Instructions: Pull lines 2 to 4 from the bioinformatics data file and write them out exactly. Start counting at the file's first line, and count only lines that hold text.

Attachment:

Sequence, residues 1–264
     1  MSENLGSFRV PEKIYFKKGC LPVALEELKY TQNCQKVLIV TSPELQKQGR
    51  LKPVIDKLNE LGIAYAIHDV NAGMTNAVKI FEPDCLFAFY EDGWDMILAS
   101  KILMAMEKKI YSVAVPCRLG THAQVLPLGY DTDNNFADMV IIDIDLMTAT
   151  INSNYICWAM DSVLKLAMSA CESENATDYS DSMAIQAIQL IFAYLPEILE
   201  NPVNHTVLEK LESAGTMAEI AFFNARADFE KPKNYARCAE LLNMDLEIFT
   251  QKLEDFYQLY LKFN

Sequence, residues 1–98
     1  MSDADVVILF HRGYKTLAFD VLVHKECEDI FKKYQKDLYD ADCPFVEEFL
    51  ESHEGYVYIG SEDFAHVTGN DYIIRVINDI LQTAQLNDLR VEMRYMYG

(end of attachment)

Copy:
     1  MSENLGSFRV PEKIYFKKGC LPVALEELKY TQNCQKVLIV TSPELQKQGR
    51  LKPVIDKLNE LGIAYAIHDV NAGMTNAVKI FEPDCLFAFY EDGWDMILAS
   101  KILMAMEKKI YSVAVPCRLG THAQVLPLGY DTDNNFADMV IIDIDLMTAT